Coach: Jiri Kotrba.

Current League position: 2nd.

Transfer window signings: Jiri Stajner (on loan from Hannover 96).

Form: Sparta are unbeaten in any competition since November but saw their hopes of retaining the Czech title dented again by a 0-0 draw on Saturday with mid-table Pribram. On-loan striker Jiri Stajner is in form, scoring last week as the Czech Republic drew 2-2 with Italy.

Tournament odds: 150-1.

European Cup/Champions' League best: Winners six times (1963, 1969, 1989, 1990, 1994, 2003).

Manager: Carlo Ancelotti.

Current League position: 1st.

Transfer window signings: Nicola Pozzi (£1m from Cesena).

Form: Milan came back from 2-0 down to win the weekend derby against Internazionale 3-2 and take a five-point lead in Serie A, where their sole defeat was in November. Defensively they are conceding more than usual.

Tournament odds: 7-1.


European Cup/Champions' League best: Winners four times (1974, 1975, 1976, 2001).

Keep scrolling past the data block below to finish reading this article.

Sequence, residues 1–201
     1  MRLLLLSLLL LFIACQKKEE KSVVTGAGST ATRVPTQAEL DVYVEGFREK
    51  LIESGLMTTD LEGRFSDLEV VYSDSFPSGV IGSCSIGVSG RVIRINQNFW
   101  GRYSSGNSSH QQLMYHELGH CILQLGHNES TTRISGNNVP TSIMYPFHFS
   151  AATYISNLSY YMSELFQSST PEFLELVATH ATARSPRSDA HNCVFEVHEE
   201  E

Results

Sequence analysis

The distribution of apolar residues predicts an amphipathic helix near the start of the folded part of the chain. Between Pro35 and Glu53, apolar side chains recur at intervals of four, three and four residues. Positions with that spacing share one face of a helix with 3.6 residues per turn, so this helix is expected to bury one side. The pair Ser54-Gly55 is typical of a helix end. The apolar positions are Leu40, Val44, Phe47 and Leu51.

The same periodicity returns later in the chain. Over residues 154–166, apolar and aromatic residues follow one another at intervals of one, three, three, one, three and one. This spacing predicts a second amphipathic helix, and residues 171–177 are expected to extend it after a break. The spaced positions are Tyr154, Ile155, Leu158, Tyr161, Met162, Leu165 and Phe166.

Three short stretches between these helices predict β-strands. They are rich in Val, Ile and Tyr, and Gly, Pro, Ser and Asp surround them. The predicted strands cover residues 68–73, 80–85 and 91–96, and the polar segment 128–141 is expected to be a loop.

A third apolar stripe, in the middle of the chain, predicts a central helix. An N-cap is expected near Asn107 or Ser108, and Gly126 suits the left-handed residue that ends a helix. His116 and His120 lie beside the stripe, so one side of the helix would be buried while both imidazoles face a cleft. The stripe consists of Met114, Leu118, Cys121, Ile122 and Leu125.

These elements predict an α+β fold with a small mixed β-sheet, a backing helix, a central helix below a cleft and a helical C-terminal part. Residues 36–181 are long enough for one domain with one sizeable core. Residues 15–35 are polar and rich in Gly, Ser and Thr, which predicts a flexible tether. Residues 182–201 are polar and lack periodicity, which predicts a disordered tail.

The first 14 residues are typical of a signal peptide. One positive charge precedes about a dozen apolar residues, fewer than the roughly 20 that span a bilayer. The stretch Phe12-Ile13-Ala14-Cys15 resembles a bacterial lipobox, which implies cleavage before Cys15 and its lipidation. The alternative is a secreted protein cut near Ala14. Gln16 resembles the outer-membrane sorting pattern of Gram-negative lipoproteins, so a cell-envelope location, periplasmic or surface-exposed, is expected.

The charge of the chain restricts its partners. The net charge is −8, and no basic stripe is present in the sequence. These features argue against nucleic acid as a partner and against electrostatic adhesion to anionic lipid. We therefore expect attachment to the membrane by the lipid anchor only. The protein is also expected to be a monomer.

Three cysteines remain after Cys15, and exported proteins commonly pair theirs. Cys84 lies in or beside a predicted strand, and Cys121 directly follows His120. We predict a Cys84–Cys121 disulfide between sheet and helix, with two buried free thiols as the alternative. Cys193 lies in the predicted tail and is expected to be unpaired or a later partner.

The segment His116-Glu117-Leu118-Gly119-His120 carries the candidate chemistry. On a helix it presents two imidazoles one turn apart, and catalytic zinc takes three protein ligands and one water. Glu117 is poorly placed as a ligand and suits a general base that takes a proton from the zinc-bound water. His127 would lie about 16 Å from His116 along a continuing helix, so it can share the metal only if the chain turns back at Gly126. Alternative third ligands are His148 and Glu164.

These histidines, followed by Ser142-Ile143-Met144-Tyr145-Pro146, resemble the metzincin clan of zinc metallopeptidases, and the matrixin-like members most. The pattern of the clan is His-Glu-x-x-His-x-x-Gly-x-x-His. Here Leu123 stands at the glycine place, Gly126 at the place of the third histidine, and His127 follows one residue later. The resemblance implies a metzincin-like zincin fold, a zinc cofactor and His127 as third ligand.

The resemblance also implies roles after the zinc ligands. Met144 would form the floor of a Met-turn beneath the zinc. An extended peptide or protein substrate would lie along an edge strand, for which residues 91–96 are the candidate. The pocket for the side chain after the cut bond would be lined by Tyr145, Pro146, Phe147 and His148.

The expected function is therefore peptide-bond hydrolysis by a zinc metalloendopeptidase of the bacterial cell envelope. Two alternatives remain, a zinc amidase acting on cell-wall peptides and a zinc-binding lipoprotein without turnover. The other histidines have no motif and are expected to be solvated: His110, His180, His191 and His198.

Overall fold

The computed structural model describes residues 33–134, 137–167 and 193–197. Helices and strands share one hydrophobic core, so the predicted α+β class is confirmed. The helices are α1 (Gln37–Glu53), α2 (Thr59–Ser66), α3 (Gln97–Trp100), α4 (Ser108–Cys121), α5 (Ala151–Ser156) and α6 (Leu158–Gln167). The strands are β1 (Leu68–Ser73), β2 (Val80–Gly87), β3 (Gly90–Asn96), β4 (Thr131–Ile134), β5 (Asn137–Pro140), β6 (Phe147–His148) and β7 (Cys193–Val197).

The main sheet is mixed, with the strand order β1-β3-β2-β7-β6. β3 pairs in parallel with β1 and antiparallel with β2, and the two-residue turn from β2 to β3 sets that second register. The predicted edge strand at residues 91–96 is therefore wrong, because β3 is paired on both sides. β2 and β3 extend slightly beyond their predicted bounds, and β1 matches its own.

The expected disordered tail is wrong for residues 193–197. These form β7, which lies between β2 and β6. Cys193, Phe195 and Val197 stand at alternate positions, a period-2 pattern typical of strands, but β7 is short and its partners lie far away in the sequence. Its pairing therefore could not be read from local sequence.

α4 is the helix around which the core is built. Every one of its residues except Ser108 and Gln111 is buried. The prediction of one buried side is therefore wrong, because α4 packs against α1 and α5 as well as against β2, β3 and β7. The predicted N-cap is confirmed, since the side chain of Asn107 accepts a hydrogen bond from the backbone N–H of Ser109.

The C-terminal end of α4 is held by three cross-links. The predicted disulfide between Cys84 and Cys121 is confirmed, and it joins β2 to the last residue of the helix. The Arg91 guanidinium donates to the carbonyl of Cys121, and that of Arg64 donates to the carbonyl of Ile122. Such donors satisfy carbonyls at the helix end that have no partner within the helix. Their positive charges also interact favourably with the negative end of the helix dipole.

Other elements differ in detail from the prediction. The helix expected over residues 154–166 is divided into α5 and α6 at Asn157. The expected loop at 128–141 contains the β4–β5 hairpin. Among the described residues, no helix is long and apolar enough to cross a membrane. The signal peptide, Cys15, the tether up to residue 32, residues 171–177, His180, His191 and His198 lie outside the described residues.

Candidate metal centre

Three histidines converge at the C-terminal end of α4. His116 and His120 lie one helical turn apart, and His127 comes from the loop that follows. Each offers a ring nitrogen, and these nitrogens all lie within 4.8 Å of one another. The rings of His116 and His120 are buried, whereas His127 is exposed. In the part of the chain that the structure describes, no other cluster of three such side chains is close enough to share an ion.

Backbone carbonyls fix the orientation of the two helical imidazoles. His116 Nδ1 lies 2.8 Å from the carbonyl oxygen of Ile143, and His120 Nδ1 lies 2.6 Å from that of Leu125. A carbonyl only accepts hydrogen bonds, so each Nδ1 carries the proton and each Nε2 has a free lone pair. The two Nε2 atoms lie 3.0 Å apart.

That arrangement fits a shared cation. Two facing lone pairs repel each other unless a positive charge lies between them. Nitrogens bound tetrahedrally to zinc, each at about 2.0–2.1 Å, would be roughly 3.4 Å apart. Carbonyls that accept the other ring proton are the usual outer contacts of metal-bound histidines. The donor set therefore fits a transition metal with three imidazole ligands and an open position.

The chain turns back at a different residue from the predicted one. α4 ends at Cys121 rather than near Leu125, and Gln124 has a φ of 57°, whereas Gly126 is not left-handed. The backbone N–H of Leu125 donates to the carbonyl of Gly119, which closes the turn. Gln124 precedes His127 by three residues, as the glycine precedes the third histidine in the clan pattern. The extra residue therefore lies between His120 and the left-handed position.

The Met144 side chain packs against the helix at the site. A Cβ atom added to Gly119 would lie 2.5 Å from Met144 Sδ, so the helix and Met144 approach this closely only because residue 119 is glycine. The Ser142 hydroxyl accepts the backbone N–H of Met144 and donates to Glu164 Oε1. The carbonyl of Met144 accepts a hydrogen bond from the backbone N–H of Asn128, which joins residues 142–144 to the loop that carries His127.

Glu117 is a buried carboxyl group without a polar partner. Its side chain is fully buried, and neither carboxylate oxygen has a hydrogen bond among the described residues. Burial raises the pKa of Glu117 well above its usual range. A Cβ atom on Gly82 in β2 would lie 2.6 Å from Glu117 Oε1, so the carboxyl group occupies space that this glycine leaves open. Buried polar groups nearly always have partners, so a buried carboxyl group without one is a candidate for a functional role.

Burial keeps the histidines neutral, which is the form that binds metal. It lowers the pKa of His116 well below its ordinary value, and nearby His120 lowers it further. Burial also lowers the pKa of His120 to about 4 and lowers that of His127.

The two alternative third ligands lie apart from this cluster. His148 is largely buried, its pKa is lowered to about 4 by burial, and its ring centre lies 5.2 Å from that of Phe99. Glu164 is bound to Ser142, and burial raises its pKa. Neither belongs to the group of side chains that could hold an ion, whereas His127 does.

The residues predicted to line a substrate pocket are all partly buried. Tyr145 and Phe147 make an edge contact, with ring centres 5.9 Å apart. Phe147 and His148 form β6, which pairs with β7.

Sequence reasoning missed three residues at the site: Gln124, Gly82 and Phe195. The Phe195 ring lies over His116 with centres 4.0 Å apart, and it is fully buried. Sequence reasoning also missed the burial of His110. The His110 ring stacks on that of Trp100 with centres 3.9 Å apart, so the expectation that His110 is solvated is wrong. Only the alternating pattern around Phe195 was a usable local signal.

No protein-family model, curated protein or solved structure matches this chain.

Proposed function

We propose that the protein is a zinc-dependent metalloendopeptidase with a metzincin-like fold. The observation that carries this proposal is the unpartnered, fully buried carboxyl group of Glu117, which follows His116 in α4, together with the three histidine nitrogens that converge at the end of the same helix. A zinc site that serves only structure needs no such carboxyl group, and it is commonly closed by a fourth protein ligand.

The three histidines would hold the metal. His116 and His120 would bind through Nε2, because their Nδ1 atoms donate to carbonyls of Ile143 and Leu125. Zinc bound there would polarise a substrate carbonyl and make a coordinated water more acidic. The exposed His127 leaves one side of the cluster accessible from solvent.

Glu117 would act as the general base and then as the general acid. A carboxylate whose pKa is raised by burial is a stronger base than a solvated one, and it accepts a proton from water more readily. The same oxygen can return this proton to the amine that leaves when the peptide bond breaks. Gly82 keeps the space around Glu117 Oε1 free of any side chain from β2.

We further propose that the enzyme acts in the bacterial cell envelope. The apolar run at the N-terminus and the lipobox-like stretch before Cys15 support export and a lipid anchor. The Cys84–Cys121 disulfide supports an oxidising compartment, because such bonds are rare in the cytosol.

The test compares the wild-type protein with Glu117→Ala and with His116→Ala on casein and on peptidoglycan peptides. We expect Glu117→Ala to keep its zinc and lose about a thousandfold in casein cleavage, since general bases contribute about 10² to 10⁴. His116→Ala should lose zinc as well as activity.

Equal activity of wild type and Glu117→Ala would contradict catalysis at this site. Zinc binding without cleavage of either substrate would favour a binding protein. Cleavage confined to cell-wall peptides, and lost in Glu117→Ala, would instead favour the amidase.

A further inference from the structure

Manager: Ottmar Hitzfeld.

Current League position: 2nd.

Transfer window signings: None.

Form: Bayern have had an indifferent start to the year, wining two, losing one and drawing one of their last four games in the Bundesliga, where they trail the leaders Werder Bremen by seven points after 21 matches. A 1-0 win over Hamburg was unconvincing but Oliver Kahn insists: "We know when to win."

Tournament odds: 20-1.

European Cup/Champions' League best: Winners nine times (1956, 1957, 1958, 1959, 1960, 1966, 1998, 2000, 2002).

Manager: Carlos Queiroz.

Current League position: 1st.

Transfer window signings: Sebas (goalkeeper, free from Cordoba).